Maybe the nerviest episode is where he tries to grope a woman in church, she threatens to stab him, and he just moves on and tries another woman in the next pew instead:

“I walked towards White Hall, but, being wearied, turned into St. Dunstan’s Church, where I heard an able sermon of the minister of the place; and stood by a pretty, modest maid, whom I did labour to take by the hand and the body; but she would not, but got further and further from me; and, at last, I could perceive her to take pins out of her pocket to prick me if I should touch her again — which seeing I did forbear, and was glad I did spy her design. And then I fell to gaze upon another pretty maid in a pew close to me, and she on me; and I did go about to take her by the hand, which she suffered a little and then withdrew. So the sermon ended, and the church broke up, and my amours ended also.”

(Through the 1910s, hatpins were used for a similar purpose.)


Another (literally) striking aspect of the diary is the casual attitude toward physical violence. He routinely complains about injuring himself while beating his employees.

“I sent my boy home for some papers, where, he staying longer than I would have him, and being vexed at the business and to be kept from my fellows in the office longer than was fit, I become angry, and boxed my boy when he came, that I do hurt my thumb so much, that I was not able to stir all the day after, and in great pain.”

“I bade  Will get me a rod, and he and I called the boy up to one of the upper rooms of the Comptroller’s house towards the garden, and there I reckoned all his faults, and whipped him soundly, but the rods were so small that I fear they did not much hurt to him, but only to my arm, which I am already, within a quarter of an hour, not able to stir almost.”

He has a similar approach to his wife. After giving her a black eye, he does admit to being “vexed at my heart to think what I had done, for she was forced to lay a poultice or something to her eye all day, and is black, and the people of the house observed it.” It’s unclear how much of the vexation is due to the black eye and how much is due to the servants noticing.

He married her when he was 22 and she was 14. In the early years, he discusses the pleasant times they have talking, singing, walking, and “sporting.” As time goes on he more often complains about her requests for money.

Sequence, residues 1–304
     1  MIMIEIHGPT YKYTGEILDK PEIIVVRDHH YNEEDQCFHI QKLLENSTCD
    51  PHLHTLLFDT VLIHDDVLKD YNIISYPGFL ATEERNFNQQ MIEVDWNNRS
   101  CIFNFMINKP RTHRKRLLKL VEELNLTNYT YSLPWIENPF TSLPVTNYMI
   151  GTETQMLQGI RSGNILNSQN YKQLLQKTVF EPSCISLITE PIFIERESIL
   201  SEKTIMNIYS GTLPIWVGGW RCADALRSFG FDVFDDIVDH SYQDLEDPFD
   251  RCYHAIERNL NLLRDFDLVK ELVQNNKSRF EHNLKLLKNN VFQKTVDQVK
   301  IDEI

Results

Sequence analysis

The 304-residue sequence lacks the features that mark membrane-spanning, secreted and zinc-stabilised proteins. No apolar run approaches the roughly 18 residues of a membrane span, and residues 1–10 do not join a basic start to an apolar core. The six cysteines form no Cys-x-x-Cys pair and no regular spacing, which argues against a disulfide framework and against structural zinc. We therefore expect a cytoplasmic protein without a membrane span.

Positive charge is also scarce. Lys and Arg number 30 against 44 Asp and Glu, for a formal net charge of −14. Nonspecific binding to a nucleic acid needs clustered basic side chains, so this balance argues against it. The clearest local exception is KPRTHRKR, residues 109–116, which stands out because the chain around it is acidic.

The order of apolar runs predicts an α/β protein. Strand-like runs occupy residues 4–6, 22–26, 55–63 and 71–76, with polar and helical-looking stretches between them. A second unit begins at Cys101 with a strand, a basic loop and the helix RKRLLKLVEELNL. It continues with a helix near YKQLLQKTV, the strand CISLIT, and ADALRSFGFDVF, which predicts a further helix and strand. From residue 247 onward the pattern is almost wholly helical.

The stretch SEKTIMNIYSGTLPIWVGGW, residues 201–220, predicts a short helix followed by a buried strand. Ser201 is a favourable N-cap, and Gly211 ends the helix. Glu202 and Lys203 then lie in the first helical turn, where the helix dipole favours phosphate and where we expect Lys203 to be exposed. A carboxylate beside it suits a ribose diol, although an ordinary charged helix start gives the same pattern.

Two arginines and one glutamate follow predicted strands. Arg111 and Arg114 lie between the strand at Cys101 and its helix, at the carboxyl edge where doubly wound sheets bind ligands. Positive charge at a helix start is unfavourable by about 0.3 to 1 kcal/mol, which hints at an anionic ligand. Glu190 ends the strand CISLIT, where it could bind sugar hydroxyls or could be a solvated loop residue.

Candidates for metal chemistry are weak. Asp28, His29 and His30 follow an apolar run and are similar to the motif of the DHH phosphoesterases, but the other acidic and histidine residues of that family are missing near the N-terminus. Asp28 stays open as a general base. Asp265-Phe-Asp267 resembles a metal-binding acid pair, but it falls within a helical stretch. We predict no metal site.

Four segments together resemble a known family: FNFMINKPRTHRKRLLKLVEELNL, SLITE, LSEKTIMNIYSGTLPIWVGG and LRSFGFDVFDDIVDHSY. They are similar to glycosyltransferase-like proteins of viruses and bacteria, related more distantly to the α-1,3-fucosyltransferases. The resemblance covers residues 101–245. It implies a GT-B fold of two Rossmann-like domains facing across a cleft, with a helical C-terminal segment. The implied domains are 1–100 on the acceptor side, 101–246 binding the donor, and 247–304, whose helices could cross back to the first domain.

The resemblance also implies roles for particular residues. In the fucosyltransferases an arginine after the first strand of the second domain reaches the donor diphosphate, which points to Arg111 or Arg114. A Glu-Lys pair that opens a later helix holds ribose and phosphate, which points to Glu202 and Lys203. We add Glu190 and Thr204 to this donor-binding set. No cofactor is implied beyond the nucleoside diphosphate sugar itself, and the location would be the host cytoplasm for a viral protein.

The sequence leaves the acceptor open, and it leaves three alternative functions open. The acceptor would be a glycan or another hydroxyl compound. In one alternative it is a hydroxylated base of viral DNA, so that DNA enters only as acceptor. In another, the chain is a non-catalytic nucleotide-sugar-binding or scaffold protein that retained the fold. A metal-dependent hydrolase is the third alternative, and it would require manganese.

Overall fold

At one point she gives him a letter asking for him to hire her a female companion so she won’t be so lonely during the day while he’s gone (working/drinking/wenching). He burns the first copy without reading it. When she reads him a second copy, he’s afraid it will become an embarrassment to him. What’s a husband to do? Destroy her documents:

“She now read it, and it was so piquant, and wrote in English, and most of it true, of the retiredness of her life, and how unpleasant it was; that being wrote in English, and so in danger of being met with and read by others, I was vexed at it, and desired her and then commanded her to tear it. When she desired to be excused it, I forced it from her, and tore it, and withal took her other bundle of papers from her, and leapt out of the bed and in my shirt clapped them into the pocket of my breeches, that she might not get them from me, and having got on my stockings and breeches and gown, I pulled them out one by one and tore them all before her face, though it went against my heart to do it, she crying and desiring me not to do it, but such was my passion and trouble to see the letters of my love to her . . . to be joyned with a paper of so much disgrace to me and dishonour, if it should have been found by any body.”

“Though it went against my heart to do it.” Why do it, then? Just the kind of stupid prideful argument most of us have had, taken too far? Or to be sure she knows her place? Much more on the scene here.

The scene reminded me of literature-class debates about The Taming of the Shrew. Surely Shakespeare didn’t really mean the happy ending (Katherina abandons her pride and submits to her husband’s every whim) unironically? He wasn’t really celebrating the breaking of a woman’s will, was he? After reading this passage, written about 70 years after The Taming of the Shrew, I find it a lot more likely that the answer is no. A 17th-century audience may have just found this good comedy.


I worked in a jail, right? I’ve heard people talk about bad stuff they’ve done.